10 reasons why Microsoft's 10 reasons not to use Google Apps suck
11 September 2007
You may have already read the 10 reasons why Microsoft thinks the enterprise should not use Google Apps. Well, here’s my response: 1. Google touts having enterprise level customers but how many “USERS” of their applications truly exist within the enterprise?
Does this matter? There are a lot of private users on Google Apps for sure, but there are quite a few large companies (with 10.000+ users) using Google Apps - and they are happy with it! How many enterprise users can say the same about Microsoft Windows and Office in the enterprise?
2. Google has a history of releasing incomplete products, calling them beta software, and issuing updates on a “known only to Google” schedule – this flies in the face of what enterprises want and need in their technology partners – what is Google doing that indicates they are in lock step with customer needs?
This one makes me laugh. Google is being honest about their software not being finished. And they don’t get hopes up by setting a release date that they can’t meet. I don’t think I have to go into a discussion about how Windows Vista doesn’t include all the promised features and the several delays before it’s final release.
3. Google touts the low cost of their apps –not only price but the absence of need for hardware, storage or maintenance for Google Apps. BUT if GAPE is indeed a complement to MSFT Office, the costs actually become greater for a company as they now have two IT systems to run and manage and maintain. Doesn’t this result in increased complexity and increased costs?
Very funny, again. There is no longer the need for Microsoft Office or the services that provide e-mail services like Exchange. There may even not be a need for Microsoft Windows anymore, because Google Apps works perfectly on Macs and Linux. And I think that managing Google Apps is a lot easier than managing a cluster of Microsoft servers.
4. Google’s primary focus is on ad funded search. Their enterprise focus and now apps exist on the very fringe and in combination with other fringe services only account for 1% of the company’s revenue. What happens if Google executes poorly? Do they shut down given it will them in a minimal and short term way? Should customers trust that this won’t happen?
This reason is actually the only one that might be valid. But, isn’t this true for any company? Google does generate a lot of revenue from it’s ad system. What Google tends to do with it’s Google Apps suite is not only providing an alternative for Microsoft’s office, but also binding users to Google. A Google Apps users will be more likely to use Google Search than a non-apps users.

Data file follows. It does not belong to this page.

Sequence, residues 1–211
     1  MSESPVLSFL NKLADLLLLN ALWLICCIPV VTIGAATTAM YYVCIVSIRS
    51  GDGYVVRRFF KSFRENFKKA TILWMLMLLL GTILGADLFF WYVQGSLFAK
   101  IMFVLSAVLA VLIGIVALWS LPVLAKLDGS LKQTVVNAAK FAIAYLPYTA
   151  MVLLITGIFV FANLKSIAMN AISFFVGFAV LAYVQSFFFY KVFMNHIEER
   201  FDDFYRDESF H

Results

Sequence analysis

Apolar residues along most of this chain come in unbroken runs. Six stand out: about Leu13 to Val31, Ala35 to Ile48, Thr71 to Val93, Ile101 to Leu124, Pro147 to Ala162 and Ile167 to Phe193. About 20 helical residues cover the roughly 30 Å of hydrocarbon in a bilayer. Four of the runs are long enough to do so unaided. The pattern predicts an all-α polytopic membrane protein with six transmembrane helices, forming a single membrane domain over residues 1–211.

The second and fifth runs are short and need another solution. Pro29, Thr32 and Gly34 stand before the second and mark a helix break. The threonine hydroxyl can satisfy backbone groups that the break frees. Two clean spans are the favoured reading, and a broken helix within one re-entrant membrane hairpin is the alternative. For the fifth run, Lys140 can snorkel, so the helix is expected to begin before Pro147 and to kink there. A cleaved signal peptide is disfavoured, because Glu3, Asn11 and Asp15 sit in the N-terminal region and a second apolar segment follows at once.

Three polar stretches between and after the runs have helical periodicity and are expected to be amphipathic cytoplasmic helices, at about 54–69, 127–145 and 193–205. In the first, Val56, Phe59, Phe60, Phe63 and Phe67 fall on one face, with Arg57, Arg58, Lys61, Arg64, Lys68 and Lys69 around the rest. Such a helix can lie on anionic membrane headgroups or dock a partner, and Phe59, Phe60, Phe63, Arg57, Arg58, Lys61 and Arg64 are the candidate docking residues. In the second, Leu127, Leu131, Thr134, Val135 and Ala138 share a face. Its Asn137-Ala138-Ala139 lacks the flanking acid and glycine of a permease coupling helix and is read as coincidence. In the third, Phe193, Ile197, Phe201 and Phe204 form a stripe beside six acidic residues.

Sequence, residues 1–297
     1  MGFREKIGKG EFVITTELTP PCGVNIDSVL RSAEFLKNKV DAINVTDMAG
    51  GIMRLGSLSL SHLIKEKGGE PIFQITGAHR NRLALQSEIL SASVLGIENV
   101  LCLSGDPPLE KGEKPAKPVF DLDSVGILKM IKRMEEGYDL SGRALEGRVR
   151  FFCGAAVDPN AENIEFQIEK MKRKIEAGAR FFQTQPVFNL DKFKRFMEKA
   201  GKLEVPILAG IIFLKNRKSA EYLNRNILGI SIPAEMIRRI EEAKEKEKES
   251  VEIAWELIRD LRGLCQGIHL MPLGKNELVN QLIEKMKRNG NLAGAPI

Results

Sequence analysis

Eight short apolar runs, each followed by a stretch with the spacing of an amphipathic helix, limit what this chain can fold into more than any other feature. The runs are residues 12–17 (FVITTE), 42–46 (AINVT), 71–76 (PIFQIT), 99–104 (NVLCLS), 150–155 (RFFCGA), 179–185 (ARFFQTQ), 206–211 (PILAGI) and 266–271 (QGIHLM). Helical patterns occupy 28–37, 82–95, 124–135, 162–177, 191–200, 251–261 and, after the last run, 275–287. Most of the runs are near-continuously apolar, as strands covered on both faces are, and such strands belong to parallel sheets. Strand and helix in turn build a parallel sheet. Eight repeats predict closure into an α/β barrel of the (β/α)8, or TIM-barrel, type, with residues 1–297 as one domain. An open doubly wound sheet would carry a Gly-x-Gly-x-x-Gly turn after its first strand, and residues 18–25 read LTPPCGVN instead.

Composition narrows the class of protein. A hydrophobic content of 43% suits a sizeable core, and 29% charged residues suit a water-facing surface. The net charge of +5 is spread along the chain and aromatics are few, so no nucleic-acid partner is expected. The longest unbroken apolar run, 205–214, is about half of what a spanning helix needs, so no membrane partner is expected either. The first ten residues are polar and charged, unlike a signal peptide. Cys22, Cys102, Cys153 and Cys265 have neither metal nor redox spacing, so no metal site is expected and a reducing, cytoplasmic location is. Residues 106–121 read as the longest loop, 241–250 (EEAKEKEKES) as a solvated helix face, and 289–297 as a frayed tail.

5. Google’s apps only work if an enterprise has no power users, employees are always online, enterprises haven’t built custom Office apps – doesn’t this equal a very small % of global information workers today? –On a feature comparison basis, it’s not surprising that Microsoft has a huge lead.
Microsoft is still ignoring that “less is more”. It’s not about who has the most features anymore. It’s about ease of use and service. Most users -are- always online with broadband internet connections and WiFi. Office does have a lot of nifty features, but only a small % of power users use these features (if they even know the features exist and know how to use them properly).
6. Google apps don’t have essential document creation features like support for headers, footers, tables of content, footnotes, etc. Additionally, while customers can collaborate on basic docs without the above noted features, to collaborate on detailed docs, a company must implement a two part process – work together on the basic doc, save it to Word or Excel and then send via email for final edits. Yes they have a $50 price tag, but with the inefficiencies created by just this one cycle, how much do GAPE really cost – and can you afford the fidelity loss?
Again, Microsoft thinks we can’t do without it. Google Apps is not about creating huge reports and stuff. It’s about collaboration. Users collaborate, and when the document is cleared for release (or whenever you need the fancy stuff), you can use any tool (Pages? Adobe InDesign?) to make it all look sexy. Just a simple question: how many of the documents and spreadsheets you make are for pubishing and which are just quick doc for gathering and sharing thoughts with your co-workers? Personally, I use Google Docs for writing all my documents. When it needs to go to press, I export it and format it properly with Pages. No problem.